Esophagus to Small Intestine
Autoimmune gastritis: Long-term natural history in naive Helicobacter pylori-negative patients
Objective: Autoimmune gastritis (AIG) is an immunomediated disease targeting parietal cells, eventually resulting in oxyntic-restricted atrophy. This long-term follow-up study aimed at elucidating the natural history, histological phenotype(s), and associated cancer risk of patients with AIG consistently tested Helicobacter pylori-negative (naive H. pylori-negative subjects).
Design: 211 naive H. pylori-negative patients (tested by serology, histology, molecular biology) with AIG (F:M = 3.15:1; p < 0.001) were prospectively followed up with paired biopsies (T1 vs. T2; mean follow-up years: 7.5 ± 4.4; median: 7). Histology distinguished non-atrophic versus atrophic AIG. Atrophy was further subtyped/scored as non-metaplastic versus metaplastic (pseudopyloric [PPM] and intestinal [IM]). Enterochromaffin-like cell (ECL) status was categorized as diffuse versus adenomatoid hyperplasia/dysplasia, and type 1 neuroendocrine tumors (Type1-NETs).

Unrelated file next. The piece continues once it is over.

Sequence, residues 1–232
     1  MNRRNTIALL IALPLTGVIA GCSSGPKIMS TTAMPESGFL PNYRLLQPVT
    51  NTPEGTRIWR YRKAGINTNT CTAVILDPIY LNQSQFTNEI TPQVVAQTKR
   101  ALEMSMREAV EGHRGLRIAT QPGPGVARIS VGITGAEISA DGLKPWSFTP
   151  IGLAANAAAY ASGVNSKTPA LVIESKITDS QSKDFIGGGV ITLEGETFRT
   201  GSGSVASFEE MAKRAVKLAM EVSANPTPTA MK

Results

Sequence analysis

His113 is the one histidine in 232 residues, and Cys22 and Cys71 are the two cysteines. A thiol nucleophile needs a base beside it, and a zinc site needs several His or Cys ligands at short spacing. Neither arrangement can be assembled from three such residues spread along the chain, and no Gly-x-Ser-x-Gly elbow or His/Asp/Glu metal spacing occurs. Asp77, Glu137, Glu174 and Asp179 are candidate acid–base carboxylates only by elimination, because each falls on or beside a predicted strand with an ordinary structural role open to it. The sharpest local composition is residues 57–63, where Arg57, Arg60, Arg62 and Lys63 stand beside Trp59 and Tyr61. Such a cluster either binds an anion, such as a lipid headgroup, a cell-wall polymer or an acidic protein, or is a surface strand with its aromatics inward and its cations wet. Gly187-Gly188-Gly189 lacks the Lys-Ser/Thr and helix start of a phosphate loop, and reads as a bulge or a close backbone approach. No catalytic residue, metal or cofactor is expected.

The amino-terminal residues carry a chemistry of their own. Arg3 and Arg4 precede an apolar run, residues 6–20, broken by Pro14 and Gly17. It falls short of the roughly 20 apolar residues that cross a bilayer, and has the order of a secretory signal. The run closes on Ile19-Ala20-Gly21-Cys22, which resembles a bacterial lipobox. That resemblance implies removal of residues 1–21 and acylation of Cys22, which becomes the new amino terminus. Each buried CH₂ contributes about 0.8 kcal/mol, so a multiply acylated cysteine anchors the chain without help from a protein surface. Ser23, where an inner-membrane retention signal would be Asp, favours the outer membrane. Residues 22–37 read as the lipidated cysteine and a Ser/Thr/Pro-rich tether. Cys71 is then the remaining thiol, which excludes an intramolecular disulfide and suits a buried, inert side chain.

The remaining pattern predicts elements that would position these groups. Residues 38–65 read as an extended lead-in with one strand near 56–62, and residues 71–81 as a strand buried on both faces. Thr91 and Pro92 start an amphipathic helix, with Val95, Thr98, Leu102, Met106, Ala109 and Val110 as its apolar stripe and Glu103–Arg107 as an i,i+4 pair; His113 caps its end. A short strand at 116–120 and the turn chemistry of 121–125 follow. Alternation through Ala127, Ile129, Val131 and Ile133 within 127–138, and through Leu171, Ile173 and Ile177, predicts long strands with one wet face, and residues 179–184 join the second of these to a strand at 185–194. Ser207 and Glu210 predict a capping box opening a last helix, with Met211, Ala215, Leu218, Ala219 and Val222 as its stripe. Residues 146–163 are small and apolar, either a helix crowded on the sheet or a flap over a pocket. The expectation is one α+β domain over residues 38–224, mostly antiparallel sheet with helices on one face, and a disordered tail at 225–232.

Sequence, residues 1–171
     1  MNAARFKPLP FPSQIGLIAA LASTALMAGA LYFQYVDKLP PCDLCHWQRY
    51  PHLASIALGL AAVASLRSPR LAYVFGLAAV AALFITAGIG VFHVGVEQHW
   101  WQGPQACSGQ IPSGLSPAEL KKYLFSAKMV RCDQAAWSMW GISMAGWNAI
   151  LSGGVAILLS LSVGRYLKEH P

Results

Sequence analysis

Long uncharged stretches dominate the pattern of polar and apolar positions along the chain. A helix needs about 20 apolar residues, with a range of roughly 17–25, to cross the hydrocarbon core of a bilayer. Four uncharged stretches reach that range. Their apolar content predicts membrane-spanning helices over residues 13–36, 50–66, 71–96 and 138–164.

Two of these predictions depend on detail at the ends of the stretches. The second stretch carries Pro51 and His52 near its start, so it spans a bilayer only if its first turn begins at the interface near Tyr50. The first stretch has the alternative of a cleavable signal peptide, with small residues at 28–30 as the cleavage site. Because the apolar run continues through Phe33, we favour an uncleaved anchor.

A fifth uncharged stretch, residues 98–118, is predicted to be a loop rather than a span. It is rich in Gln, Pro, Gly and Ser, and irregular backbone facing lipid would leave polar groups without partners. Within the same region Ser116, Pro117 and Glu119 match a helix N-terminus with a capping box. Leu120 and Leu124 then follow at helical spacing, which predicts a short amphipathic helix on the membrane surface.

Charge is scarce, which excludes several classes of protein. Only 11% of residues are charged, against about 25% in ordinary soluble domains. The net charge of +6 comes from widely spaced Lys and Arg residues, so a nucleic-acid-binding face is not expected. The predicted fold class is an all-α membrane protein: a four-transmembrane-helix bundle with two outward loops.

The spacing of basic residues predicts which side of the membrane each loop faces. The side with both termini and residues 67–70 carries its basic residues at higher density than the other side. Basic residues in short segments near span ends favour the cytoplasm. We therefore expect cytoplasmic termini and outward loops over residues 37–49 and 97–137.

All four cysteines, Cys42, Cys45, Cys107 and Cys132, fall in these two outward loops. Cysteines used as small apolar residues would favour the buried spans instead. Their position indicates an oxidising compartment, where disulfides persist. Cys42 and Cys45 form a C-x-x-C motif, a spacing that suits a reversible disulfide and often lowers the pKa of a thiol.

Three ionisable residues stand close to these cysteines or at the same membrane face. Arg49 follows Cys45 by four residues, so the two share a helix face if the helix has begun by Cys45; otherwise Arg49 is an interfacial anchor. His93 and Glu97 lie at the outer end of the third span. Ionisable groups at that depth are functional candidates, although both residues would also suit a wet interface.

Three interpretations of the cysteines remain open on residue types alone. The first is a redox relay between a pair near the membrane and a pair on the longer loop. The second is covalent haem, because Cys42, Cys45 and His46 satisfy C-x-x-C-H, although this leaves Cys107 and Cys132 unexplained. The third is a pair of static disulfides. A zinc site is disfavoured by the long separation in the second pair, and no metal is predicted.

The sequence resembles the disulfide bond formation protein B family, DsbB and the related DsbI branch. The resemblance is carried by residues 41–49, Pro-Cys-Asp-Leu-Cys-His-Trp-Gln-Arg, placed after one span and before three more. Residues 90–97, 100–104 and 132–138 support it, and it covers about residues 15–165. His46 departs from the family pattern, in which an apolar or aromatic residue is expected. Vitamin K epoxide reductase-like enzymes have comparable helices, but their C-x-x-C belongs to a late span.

Results: Over the long-term histological follow-up, AIG consistently featured oxyntic-predominant-mononuclear inflammation. At T1, PPM score was greater than IM (200/211 vs. 160/211, respectively); IM scores increased from T1 to T2 (160/211 to 179/211), with no changes in the PPM prevalence (T1 = 200/211; T2 = 201/211). At both T1/T2, the prevalence of Operative Link on Gastritis Assessment (OLGA)-III-stage was < 5%; no OLGA-IV-stage occurred. ECL-cell status progressed from diffuse to adenomatoid hyperplasia/dysplasia (T1 = 167/14 vs. T2 = 151/25). Type1-NETs (T1 = 10; T2 = 11) always coexisted with extensive oxyntic-atrophy, and ECL adenomatoid hyperplasia/dysplasia. No excess risk of gastric or other malignancies was found over a cumulative follow-up time of 10,541 person-years, except for (marginally significant) thyroid cancer (standardized incidence ratio = 3.09; 95% confidence interval: 1.001–7.20).
Conclusions: Oxyntic-restricted inflammation, pseudopyloric metaplasia (more than intestinal metaplasia), and enterochromaffin-like cell hyperplasia/neoplasia are the histological autoimmune gastritis (AIG) hallmarks. Compared with the general population, corpus-restricted inflammation/atrophy does not increase the gastric cancer (GC) risk. The excess of GC risk reported in patients with AIG could plausibly result from unrecognized previous/current Helicobacter pylori comorbidity.